A lot of engineering goes into making the new systems shift without error, and smoothly, which is something that certainly not be said about any derailleur bike prior to maybe 1989 or so. And all that technology has trickled down so even the low-end bikes have systems with millions of dollars of R&D that have been borrowed. If anything even the cheapest bikes are miles ahead than the department store bikes of old....as long as an actual shop goes through and assembles and adjusts them correctly. Realistically the stuff isn't hard to set up at all, but you have to be sure of certain things...smooth moving cables, straight derailleur hangers etc. Nothing new either...
Now I'm a car guy, and I HATE modern cars. Completely. The technology, the hand-holding, the bulkiness, etc. But remember that they are absolutely perfect for the modern consumer. That's what they want. I want a thing I can fix on the side of the road with a screwdriver and an adjustable wrench. They want a thing that never ever breaks in the 10 years they keep it before selling it. There's an element of that in any transportation industry and bicycles are no different, except I've really come to appreciate the improvements since they are still (mostly) fully mechanical machines that can be fixed with simple tools no matter how much money has been pumped into the technology. The hydraulic stuff is a bit of an exception, and don't even get me started on the electronic shifting systems....but you don't have to have that stuff if you dont want it. Yet.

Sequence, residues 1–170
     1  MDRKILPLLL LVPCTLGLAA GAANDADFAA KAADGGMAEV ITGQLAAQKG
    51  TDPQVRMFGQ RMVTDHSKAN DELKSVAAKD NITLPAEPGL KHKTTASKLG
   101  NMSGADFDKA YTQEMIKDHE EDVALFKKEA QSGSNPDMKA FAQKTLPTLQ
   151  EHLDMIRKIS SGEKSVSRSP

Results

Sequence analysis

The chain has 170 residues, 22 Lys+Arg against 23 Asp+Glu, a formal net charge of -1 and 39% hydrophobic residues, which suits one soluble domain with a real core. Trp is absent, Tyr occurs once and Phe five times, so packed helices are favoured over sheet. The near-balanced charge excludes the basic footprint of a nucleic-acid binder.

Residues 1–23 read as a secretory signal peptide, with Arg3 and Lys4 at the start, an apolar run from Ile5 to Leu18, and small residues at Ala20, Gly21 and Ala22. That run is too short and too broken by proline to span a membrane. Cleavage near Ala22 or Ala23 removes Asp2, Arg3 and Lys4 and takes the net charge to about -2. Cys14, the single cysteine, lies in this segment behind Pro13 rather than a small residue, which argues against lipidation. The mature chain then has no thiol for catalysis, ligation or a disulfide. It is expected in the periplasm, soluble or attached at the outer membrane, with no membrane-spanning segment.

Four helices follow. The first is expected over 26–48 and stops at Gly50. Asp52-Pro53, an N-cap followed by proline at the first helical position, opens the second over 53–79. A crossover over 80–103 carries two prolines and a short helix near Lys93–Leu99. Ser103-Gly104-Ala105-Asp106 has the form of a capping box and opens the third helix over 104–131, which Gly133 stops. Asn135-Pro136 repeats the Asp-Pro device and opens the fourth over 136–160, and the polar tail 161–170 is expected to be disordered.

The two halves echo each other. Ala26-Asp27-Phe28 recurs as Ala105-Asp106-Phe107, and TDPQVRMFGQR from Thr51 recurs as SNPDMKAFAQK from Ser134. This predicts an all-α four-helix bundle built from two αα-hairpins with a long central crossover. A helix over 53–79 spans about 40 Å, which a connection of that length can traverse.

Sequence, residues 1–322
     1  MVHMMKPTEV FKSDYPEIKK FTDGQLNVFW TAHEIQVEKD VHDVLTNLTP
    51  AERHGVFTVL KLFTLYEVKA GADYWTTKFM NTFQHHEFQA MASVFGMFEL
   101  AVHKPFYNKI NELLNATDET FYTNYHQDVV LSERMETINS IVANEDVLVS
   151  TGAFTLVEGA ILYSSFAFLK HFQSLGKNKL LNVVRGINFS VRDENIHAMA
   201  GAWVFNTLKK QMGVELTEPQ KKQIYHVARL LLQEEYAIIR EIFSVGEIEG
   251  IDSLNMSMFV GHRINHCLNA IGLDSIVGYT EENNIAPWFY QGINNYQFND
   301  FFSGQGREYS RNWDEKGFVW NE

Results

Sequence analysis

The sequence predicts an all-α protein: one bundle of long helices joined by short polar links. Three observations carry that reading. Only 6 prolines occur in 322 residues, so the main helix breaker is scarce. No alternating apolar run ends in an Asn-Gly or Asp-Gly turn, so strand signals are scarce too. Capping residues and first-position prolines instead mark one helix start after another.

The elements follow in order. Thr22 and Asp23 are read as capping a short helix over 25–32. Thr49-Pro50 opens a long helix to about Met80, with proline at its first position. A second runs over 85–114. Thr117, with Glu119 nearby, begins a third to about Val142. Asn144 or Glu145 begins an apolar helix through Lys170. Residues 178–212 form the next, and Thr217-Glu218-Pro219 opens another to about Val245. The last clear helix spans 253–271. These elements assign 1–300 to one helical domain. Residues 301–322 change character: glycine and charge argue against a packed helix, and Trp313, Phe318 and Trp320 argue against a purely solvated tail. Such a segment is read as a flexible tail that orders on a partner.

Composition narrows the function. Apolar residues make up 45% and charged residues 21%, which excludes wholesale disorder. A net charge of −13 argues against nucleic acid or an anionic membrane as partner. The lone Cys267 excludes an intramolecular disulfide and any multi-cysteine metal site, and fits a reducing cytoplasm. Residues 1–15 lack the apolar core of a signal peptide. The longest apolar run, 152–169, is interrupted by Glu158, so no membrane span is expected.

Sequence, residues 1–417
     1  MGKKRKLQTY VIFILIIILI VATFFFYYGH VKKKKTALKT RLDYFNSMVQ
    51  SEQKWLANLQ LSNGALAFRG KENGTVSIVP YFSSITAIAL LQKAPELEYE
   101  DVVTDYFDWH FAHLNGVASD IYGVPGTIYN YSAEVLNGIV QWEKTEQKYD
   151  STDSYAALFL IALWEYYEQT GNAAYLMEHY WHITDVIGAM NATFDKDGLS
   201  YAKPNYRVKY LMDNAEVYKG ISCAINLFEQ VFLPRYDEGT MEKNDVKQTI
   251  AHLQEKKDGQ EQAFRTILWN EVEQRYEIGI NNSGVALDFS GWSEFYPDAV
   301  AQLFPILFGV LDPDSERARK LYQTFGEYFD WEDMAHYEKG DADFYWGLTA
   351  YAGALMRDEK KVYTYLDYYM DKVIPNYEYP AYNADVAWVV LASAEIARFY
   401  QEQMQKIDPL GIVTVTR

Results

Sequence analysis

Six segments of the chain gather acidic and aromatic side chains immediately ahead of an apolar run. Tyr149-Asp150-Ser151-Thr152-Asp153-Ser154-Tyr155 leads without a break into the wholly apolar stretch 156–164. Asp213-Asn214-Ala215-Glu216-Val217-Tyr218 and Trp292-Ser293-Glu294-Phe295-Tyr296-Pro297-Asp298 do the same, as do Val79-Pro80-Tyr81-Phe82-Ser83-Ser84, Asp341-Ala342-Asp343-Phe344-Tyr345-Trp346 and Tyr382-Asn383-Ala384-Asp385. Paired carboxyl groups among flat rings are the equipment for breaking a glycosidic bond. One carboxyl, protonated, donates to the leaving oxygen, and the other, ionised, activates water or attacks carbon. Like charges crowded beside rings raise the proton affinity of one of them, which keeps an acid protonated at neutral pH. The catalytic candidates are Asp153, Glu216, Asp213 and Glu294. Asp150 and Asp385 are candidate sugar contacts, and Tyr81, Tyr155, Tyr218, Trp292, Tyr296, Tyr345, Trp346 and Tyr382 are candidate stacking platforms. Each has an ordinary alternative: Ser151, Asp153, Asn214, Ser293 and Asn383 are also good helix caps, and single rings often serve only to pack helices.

Stick around for a while and you'll go from being the guy at the shop who hates setting up disc brakes to the guy at the shop who can dial them in in less than a minute. Trust me. Practice makes perfect.